Colorado blue columbine – planting, care and tips

Colorado blue columbine
Colorado blue columbine (Aquilegia caerulea) - by Rob Duval

The long-spurred blossoms of the Colorado blue columbine are a unique eye-catcher in May and June. Here are tips on planting and care.

Profile of Colorado blue columbine:

Scientific name: Aquilegia caerulea

Plant family: buttercup family (Ranunculaceae)

Other names: Rocky Mountain columbine

Sowing time: spring or summer

Planting time: May, after frosts

Flowering period: May to June

Location: partially shaded

Soil quality: sandy to loamy, nutrient rich, humus rich

These information are for temperate climate!

Use in: flower beds, bouquets, underplanting, flower garden, rock garden, forest garden

Winter hardiness: hardy, USDA Plant Hardiness Zones: 3 (-40 °C / -35 °F)

Bee and insect friendly: Yes

Plant characteristics and classification of Colorado blue columbine

Plant order, origin and occurrence of Colorado blue columbine

Aquilegia caerulea is native to North America. The pretty perennial, which is also refered to as Rocky Mountain columbine, is widespread in places that are not too dry in light forests such as trembling poplar forests. Its distribution area in the USA extends from Montana in the north to New Mexico in the south, to the west it occurs to Arizona. North American botanists call the species as Aquilegia coerulea. Like the common columbine, it belongs to the buttercup family (Ranunculaceae).

Characteristics of Colorado blue columbine


The finely hairy stems of the multi-flowered Colorado blue columbine grow 30 to 60 centimeters (12 to 24 in) in height, whereby the hybrids like to grow up to 80 centimeters (32 in) high. The growth width is 25 to 30 centimeters (10 to 12 in).


The basal leaves of Aquilegia caerulea are double three-part. The individual leaflets appear trilobate and bluish pruinated.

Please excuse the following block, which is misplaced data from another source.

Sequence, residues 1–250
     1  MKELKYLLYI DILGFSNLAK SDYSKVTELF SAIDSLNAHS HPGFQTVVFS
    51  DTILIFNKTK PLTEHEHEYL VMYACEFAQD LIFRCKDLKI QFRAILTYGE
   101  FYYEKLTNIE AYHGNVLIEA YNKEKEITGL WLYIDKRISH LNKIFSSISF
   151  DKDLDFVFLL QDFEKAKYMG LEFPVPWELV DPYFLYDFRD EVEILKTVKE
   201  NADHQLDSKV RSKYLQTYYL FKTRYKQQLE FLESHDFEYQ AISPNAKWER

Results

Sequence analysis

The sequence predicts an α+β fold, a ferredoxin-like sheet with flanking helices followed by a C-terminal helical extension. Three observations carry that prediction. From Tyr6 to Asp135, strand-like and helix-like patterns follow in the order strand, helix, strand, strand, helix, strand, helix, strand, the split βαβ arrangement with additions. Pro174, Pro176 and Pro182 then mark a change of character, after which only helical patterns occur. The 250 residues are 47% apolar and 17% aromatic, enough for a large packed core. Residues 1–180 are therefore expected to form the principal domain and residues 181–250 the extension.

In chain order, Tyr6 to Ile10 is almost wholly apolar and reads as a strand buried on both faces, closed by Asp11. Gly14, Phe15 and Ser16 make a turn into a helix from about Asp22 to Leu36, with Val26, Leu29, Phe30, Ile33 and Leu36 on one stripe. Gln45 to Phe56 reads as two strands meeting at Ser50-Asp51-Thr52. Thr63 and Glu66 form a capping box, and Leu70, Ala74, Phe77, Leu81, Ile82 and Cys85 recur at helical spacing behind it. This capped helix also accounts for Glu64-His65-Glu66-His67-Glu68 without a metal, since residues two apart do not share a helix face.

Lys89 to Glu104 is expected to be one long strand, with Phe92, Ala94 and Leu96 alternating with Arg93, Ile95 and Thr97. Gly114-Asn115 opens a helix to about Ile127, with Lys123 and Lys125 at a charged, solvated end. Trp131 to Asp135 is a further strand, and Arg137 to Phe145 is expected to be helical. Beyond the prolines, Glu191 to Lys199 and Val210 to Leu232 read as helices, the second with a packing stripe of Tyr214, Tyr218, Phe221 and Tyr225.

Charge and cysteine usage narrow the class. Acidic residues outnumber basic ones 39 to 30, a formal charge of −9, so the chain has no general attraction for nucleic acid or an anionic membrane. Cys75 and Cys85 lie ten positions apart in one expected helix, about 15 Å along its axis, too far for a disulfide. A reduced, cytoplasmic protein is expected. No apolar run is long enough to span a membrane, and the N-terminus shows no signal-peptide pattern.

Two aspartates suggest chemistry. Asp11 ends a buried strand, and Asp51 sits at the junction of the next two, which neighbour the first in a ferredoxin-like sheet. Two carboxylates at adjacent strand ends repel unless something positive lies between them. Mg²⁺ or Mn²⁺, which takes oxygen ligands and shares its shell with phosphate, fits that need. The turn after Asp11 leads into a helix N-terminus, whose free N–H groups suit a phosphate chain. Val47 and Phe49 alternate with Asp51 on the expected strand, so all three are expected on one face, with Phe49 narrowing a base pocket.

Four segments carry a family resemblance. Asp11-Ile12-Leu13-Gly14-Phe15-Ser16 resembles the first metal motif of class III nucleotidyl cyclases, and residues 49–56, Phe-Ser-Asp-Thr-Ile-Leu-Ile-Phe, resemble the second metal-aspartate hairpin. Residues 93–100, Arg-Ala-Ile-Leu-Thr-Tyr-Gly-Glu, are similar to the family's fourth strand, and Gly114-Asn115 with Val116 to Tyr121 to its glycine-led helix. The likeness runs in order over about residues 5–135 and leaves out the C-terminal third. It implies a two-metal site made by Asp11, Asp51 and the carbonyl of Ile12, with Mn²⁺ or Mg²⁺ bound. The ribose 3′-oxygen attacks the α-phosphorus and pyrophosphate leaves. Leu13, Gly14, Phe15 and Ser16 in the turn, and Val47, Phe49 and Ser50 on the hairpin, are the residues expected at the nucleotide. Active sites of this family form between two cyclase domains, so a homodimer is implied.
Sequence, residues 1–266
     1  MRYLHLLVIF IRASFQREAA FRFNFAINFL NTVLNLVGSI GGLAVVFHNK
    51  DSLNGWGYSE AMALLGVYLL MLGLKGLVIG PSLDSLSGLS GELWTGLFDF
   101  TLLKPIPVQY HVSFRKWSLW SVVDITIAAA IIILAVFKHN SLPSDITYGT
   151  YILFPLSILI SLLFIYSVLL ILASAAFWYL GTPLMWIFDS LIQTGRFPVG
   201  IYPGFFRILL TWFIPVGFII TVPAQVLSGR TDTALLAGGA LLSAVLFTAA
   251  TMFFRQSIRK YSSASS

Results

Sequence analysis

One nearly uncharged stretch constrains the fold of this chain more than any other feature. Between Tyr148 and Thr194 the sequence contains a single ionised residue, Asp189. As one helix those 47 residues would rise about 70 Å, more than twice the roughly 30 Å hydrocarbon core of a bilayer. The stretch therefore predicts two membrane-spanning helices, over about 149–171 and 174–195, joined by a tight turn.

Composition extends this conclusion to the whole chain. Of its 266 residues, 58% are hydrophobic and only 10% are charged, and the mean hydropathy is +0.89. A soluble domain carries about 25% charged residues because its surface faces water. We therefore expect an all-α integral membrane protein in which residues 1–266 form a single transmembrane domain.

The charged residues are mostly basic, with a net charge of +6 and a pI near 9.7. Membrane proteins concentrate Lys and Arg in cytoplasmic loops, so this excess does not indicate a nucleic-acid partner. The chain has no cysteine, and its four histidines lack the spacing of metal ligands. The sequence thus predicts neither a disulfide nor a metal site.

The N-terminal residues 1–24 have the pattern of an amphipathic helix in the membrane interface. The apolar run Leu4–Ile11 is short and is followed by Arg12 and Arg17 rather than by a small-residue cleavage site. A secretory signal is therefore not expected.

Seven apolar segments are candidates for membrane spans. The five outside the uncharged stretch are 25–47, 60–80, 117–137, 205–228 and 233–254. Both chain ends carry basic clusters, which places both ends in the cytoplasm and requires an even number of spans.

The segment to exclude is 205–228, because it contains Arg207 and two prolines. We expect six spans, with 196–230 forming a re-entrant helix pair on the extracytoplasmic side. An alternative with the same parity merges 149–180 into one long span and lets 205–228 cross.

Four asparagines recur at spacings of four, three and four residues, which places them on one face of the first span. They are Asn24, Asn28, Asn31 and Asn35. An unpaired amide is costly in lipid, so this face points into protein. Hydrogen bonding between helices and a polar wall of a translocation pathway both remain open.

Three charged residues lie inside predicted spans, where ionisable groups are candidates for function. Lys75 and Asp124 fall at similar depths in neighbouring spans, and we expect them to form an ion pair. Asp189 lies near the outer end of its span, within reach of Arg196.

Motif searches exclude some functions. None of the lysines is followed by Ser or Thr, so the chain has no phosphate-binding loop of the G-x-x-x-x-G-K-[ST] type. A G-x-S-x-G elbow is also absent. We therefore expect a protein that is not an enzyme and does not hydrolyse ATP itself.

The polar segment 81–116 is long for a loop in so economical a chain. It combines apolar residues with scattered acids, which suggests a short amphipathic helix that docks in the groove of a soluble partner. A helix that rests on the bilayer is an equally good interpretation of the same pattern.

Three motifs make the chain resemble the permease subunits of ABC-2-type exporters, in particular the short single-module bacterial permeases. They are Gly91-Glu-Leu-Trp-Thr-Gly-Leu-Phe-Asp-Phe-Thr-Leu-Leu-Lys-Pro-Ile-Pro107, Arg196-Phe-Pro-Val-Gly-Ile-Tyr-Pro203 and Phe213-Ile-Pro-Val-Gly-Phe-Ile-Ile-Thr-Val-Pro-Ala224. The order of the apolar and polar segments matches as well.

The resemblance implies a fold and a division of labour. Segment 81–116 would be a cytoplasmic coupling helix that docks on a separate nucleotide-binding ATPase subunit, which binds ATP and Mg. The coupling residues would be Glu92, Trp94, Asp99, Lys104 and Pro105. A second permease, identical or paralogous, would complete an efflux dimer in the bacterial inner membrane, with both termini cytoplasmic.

The unique flowers of the Colorado blue columbine open between May and June. They become up to 8 centimeters (3.2 in) wide and 7 centimeters (2.8 in) long. The inner and outer flower parts stand together in a beautiful color contrast: While the buds initially appear pink, the sepals shine light to dark blue and the petals white. The straight spur can be up to 5 centimeters (2 in) long.


The Colorado blue columbine forms so-called follicles fruits, which contain the seeds.

Colorado blue columbine – cultivation and care


Similar to its natural location, the Colorado blue columbine prefers a partially shaded location in the garden. If the water supply is sufficient, the perennial can also be planted in a sunny place.


A fresh, loose and humus rich soil is important for Aquilegia caerulea.


Because columbines contain toxic substances, they should be planted and cared for with appropriate care. A good time to plant the perennials is in May after nor more frost are being expected. The planting distance is about 30 centimeters (12 in).


Because of their deep, pile-like roots, columbines are difficult to divide. The best way to propagate is by sowing. The seeds are sown immediately after ripening in summer, bought seeds come into the soil in spring. The first flowers usually appear from the second year after germination.

Care / Watering / Fertilization

The maintenance effort for the Colorado blue columbine is manageable. On hot days it needs some attention and should be watered sufficiently. If you want to prevent self-seeding, cut off the flower stalks after flowering.

The plant can be cut back a hand’s breadth after flowering in spring or autumn. During the flowering period, the columbine should be regularly watered and fertilized. For this compost or horn shavings are suitable.

Diseases and pests

Like its relatives, the Rocky Mountain columbine can also be affected by the columbine sawfly. Their voracious caterpillars occur mainly in May and June. Columbine leafminers and aphids can also occur.


Once grown, Aquilegia caerulea is sufficiently hardy and does not require any special winter protection.

Use in the garden

The flowers of the Colorado blue columbine against a dark background such as deciduous trees are particularly appealing. Beautiful companions are the bleeding heart, rattle root, Culver’s root, foxglove and ferns. In places that are not too dry and sunny, the Colorado blue columbine also thrives in the rock garden. The hybrids are also often used as cut flowers. The best time to harvest is when the first buds are opened.


  • Aquilegia caerulea ‘Blue Star’: light blue outside, white inside, height 60 centimeters (24 in)
  • Aquilegia caerulea ‘Crimson Star’: red outside, white inside, 60 centimeters (24 in)
  • Aquilegia caerulea ‘crystal’: pure white, 70 centimeters (28 in)
  • Aquilegia caerulea ‘Maxistar’: yellow, 70 centimeters (28 in)
  • Aquilegia caerulea ‘McKana’: mixed colors, 75 centimeters (30 in)
  • Aquilegia caerulea ‘Olympia Blue and White’: blue and white flowers, 75 centimeters (30 in)
  • Aquilegia caerulea ‘Red Hobbit’: purple outside, white inside, 30 centimeters (12 in)

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